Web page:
The key issue here is that you're trying to measure something that isn't quantifiable.
You want to measure things like "how good is this developer" or "How productive is this developer".
But the things you can measure are things like "Number of defects resolved", "Number of lines of code written" and "Number of hours worked".
You can use measurable things as a surrogate for the things you want to know, but you run the risk of gaming the system.
An example I recall reading years ago (can't find it with a quick google, so no attribution, but it's not mine):
Consider Adam, a developer. He'll
typically work 50 hours a week and
turn in around 2000 lines of finished
code. The quality of his work isn't
high - other developers will often
spend 40-50 hours fixing things up in
testing, but management isn't aware of
Now consider Bradley, another
developer who sits next to Adam.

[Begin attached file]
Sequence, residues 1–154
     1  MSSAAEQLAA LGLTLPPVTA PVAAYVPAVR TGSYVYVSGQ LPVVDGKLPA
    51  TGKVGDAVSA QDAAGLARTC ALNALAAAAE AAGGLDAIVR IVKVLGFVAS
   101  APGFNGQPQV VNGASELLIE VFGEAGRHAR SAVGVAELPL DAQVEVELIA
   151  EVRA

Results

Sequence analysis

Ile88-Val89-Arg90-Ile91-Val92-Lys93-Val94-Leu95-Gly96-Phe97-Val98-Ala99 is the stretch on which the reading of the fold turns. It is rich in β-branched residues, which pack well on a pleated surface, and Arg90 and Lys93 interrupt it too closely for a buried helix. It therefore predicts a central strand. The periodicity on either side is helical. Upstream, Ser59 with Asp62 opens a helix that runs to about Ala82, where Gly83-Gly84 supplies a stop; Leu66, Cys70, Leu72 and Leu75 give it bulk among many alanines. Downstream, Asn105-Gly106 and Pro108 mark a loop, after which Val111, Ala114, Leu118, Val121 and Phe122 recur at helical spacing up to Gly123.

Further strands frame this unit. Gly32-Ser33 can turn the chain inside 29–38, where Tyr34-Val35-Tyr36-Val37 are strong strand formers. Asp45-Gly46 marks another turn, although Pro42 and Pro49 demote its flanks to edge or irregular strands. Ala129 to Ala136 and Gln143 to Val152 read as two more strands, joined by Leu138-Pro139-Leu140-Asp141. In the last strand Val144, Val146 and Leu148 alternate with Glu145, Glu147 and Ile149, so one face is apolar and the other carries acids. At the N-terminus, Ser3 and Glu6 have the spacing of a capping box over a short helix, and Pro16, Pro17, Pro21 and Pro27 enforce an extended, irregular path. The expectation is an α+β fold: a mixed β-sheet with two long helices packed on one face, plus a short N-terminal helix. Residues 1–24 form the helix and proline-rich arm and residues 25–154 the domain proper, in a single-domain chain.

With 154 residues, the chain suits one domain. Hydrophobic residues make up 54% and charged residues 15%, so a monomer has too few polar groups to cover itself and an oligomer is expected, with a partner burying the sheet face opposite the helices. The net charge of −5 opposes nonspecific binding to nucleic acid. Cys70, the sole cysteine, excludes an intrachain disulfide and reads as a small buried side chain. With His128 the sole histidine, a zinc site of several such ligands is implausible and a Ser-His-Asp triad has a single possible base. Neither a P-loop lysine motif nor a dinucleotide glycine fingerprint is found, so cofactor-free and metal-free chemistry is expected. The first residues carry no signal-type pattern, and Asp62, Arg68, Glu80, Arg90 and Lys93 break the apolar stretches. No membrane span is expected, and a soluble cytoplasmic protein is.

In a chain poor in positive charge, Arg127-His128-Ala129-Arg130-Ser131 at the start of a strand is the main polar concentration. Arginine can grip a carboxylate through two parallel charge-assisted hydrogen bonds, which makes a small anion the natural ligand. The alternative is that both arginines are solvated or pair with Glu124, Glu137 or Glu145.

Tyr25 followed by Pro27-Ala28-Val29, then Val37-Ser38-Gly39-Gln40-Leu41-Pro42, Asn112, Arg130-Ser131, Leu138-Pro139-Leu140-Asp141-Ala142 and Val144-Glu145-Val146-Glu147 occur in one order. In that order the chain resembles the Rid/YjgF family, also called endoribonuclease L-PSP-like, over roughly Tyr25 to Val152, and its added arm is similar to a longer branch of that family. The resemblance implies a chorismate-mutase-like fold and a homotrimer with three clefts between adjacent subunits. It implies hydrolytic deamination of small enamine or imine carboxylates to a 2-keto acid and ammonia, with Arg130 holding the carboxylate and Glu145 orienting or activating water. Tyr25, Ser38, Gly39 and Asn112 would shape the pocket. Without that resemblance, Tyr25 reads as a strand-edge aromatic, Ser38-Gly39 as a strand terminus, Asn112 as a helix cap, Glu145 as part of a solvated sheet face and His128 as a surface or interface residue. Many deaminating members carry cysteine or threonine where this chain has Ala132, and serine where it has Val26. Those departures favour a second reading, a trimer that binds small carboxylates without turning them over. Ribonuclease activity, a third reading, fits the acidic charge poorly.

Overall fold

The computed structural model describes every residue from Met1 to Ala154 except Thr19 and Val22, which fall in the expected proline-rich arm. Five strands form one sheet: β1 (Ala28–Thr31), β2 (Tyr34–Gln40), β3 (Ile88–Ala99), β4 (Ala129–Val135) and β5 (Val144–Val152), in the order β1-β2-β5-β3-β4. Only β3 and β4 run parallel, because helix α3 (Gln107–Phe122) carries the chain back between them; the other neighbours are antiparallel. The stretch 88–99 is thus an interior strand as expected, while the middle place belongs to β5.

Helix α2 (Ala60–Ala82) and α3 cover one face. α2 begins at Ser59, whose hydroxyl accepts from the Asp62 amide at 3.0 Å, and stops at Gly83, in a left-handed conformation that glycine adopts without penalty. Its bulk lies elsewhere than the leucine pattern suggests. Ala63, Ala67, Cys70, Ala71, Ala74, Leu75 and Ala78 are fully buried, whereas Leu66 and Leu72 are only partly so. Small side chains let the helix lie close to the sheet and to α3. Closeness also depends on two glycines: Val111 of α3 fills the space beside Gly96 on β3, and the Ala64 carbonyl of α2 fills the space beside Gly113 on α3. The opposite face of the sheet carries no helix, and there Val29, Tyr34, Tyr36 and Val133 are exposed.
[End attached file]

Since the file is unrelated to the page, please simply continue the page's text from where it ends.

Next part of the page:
Bradley has "a life" and won't
normally work more than 40 hours a
week, though he's happy to pitch in
when required. He typically turns in
1500 lines of finished code each week
- code that works. It's rare for the testers to find any issues with his
Finally, meet Candice. No one is quite
sure how many hours she works -
sometimes she's in the office before
everyone else, but it's not unusual
for her to leave at lunchtime. Some
suspect she only works 30 hours a week
- but she delivers on commitments, so noone is really worried. She's good at
spotting redundancies and simplifying
code - in a typical week she'll delete
as much code as she writes, leaving
the system more functional for the
same amount of code.
Who's the better developer? Adam works
more hours and completes more lines of
code; Bradley delivers fewer lines of
code but only works standard hours;
Candice never seems to add to the
codebase, works fewer hours than
contracted, but features assigned to
her pass testing when required.
In September 2006 I wrote about the Dangers of KPI choice on my blog - see What are you Measuring?